Hedge fund manager Michael Burry believes he has identified the next market bubble - the passive investing bubble. Perhaps one of the largest trends over the last 20 years in financial markets is how investors are moving away from active management into passive investing. The concept first introduced by John C. Bogle has been adopted by millions and millions of investors. However, this overdependence on passive investments and index funds certainly has some advantages. We have previously pointed out the risks associated with index funds, and why we think passive investment vehicles are inefficient. 

However, for most investors who are not even remotely interested in studying businesses and following the market on a daily basis, it is understandable that they choose index funds as their main investment. The funds moving into index funds have been growing considerably over the last decade, and active management is now something that is frowned upon by most investors.

In fact, investors have been consistently pulling funds out of actively managed funds to invest in index funds.

What are the risks associated with index funds and the passive investing bubble?

There are several risks associated with index funds that are often overlooked by most investors. Firstly there is the indiscriminate buying of securities. This is a feature of every index fund, but it is a considerable risk that should be considered. By buying securities indiscriminately, investors end up owning businesses without any rational reasoning behind each purchase. Every stock is purchased based on its weight in the index.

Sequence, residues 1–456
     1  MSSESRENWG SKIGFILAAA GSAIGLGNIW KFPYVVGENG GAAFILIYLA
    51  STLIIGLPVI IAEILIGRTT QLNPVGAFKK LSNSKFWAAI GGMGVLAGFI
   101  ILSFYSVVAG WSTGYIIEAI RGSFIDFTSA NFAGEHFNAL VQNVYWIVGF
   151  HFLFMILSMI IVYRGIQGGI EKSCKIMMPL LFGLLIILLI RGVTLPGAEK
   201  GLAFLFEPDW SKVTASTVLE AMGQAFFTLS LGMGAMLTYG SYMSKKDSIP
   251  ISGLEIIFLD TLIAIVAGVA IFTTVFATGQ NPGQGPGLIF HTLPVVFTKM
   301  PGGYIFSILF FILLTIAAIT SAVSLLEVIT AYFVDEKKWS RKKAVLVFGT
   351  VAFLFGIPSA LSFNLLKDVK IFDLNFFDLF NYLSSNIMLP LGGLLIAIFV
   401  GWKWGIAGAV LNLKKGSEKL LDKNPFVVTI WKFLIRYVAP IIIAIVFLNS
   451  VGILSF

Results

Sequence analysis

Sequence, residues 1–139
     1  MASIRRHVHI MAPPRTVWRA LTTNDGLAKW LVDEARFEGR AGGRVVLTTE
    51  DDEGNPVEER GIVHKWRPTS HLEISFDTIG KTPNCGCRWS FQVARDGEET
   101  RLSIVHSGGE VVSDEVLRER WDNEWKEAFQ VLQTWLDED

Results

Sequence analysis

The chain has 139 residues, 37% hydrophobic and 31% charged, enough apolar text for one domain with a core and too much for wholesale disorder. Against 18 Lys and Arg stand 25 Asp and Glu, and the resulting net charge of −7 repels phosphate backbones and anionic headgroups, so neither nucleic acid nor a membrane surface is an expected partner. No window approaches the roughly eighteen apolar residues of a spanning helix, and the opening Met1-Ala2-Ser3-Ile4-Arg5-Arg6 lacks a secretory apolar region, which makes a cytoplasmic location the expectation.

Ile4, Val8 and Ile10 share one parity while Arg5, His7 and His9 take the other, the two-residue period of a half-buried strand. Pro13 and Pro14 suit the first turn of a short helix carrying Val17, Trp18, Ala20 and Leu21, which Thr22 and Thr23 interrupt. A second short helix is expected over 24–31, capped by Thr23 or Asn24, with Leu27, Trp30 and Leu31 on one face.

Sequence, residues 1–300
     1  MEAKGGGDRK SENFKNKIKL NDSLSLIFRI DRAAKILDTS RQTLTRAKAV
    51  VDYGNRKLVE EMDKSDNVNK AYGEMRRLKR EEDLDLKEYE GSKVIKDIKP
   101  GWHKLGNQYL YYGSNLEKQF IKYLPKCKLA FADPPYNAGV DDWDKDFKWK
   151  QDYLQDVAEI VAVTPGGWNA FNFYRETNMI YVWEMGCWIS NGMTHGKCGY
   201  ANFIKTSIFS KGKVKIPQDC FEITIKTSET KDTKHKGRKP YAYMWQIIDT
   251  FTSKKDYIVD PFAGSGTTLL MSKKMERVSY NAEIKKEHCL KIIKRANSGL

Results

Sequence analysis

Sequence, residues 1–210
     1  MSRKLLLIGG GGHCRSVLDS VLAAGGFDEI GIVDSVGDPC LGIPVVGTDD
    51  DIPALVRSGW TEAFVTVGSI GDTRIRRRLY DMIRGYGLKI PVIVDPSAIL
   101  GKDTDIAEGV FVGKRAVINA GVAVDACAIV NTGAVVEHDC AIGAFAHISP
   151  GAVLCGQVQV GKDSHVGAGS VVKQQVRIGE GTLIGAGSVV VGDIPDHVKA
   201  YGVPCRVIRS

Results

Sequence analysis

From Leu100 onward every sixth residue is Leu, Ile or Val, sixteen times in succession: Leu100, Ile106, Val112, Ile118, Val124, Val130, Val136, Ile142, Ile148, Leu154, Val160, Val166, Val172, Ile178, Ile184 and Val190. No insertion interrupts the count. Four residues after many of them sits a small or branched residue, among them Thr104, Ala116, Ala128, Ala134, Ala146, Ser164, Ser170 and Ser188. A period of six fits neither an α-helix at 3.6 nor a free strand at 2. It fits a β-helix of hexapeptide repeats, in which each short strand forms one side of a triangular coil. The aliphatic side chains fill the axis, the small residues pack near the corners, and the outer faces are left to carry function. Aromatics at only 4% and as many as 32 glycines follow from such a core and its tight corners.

No longer are companies valued based on their intrinsic value, instead, their market cap is influenced by the inflows into index funds.

Tesla as an example 

Not too long ago, Tesla was added to the S&P 500. Since then its market cap has hit over $1 trillion, and it currently stands at $1.142T. By comparison, the total market cap of the S&P 500 is ~$39T. When we compare Tesla’s weight on the S&P 500 is currently 2.9%. This means that every investment in an S&P 500 index fund will give the investor a 3% of exposure to Tesla. Considering the overvaluation of the stock, investors stand to lose a great percentage of their initial investment if these types of stocks are bought without any active consideration.

Inflows can have a deep impact